to that set forth in Example I.
The above noted composition formed a milky suspension that settled
slowly in about an hour. It lowered aqueous surface tension
rapidly, having a time constant of approximately 0.7 second. It
produced a surface tension less than 10 millinewtons per meter on
reduction of surface area. The surface films created by the above
compositions were extremely stable having a foam test stability of
greater than 8 days.
The synthetic lung surfactant composition, prepared according to
Example III above, was also utilized in vivo tests.
In one test a group of rabbit fetuses were delivered very
prematurely at 27 days of gestation. The synthetic lung surfactant
composition was instilled into the rabbit fetus' lungs before
breathing commenced, thereafter mechanical resuscitation was
continued for 2 hours. In one group of rabbits only saline solution
was instilled into the lungs; while in a second group the synthetic
lung surfactant composition of Example III was instilled. In yet a
third group, natural lung surfactant (isolated from adult animals)
was instilled into the lungs. Table 1 below presents the results of
TABLE 1 ______________________________________ FETAL RABBIT LUNGS -
PARAMETERS RELATED TO VENTILATORY MANAGEMENT Saline SLS.sup.1
NLS.sup.2 ______________________________________ P.sup.4 opening 27
cm H.sub.2 O 23 cm H.sub.2 O 20 cm H.sub.2 O Quasi- 50% (FRC.sup.3)
static P closing 10 cm H.sub.2 O 7 cm H.sub.2 O 7 cm H.sub.2 O P-V
40% (FRC) P plateau 20 cm H.sub.2 O 20 cm H.sub.2 O 20 cm H.sub.2 O
Conditioning-time 35 min. 15 min. 5 min. to 60 ml/kg at 25 cm
H.sub.2 O Adsorption kinetics: Surface Tension 70 mN 60 mN 45 mN at
0.5 sec. M.sup.-1 M.sup.-1 M.sup.-1 Calculated P opening 27 cm
H.sub.2 O 23 cm H.sub.2 O 17 cm H.sub.2 O at 0.5 sec. and r = 50
micrometers ______________________________________ .sup.1 SLS =
synthetic lung surfactant .sup.2 NLS = natural lung surfactant
.sup.3 FRC = functional residual lung volume .sup.4 P =
As will be noted from the data presented in Table 1, in most
respects the synthetic lung surfactant was intermediate between
saline and natural lung surfactant. However it appears to be about
equal with natural lung surfactant in stabilizing the functional
residual volume of the lungs. In the Table, the conditioning refers
to expansion of the lungs at a constant pressure of 25 cm H.sub.2
O. It is a guide to the speed with which distensibility can be
improved. With adsorption kinetics data it is possible to calculate
the opening pressure to be expected in lungs with airspace radius
of approximately 50 micrometers.
In another group of in vivo experiments 10 pairs (including seven
pairs of twins) of lambs were delivered by Caesarian section at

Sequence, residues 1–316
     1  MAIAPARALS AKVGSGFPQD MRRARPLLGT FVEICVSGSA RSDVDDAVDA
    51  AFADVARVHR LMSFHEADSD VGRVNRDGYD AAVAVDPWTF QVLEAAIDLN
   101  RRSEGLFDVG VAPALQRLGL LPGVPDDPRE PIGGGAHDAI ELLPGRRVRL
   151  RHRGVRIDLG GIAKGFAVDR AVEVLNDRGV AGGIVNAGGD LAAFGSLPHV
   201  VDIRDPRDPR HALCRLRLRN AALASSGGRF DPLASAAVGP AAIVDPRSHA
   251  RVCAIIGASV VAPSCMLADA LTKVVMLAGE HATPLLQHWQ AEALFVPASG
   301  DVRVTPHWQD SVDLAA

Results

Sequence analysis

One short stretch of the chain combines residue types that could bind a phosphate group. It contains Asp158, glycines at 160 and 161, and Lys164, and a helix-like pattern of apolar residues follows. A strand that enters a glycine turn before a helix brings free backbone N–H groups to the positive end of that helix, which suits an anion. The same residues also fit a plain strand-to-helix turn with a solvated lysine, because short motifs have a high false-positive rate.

130-132 days. The fetuses were paralyzed before ligation of the
umbilical cord, intubated, catheterized and resuscitated. Before
mechanical ventilation was started one of each pair received 75
milligrams/kg of the synthetic lung surfactant by endotracheal
instillation (as per Example III) and the other nothing.
Thereafter respiratory and circulatory support was optimized for
each animal according to current practice in the intensive care
nursery. Arterial CO.sub.2 was maintained near 40 torr as well as
possible by adjusting inspiratory pressure and ventilator frequency
(60 to 40 breaths per minute). Arterial oxygen was kept, if
possible, in the 80 to 100 torr range (after the first half hour)
by adjusting the inspired oxygen concentration. The experiment was
continued for 11 hours.
Eight of the eleven synthetic lung surfactant treated lambs
survived the 11-hour experiment. Only three of the ten control
animals survived eleven hours, despite attempts to optimize
support. None of the 20 experimental animals developed
pneumothorax. Arterial CO.sub.2 could be normalized fairly well in
the synthetic lung surfactant treated animals; whereas the controls
tended to be hypercapneic. Arterial oxygen could be maintained;
alveolar-arterial oxygen gradient, and inspired oxygen could be
lowered more readily in the synthetic lung surfactant treated
enimals than in the controls.
On the average, the synthetic lung surfactant treated animals
required less pressure to ventilate, had higher lung compliance,
and had higher lung volumes than the controls. Their blood
pressures were comparable. The control animals tended to have
higher pulmonary arterial pressures, but both groups decreased
towards the end of the experiment. Upon autopsy, the lungs of the
synthetic lung surfactant animals were well aerated for the most
part, but the controls showed extensive collapse.
In summary, the results of the in vivo experiments indicated that
in both prematurely delivered rabbit and lamb fetuses, lung
deficits can be compensated to an important degree by the synthetic
lung surfactant compositions.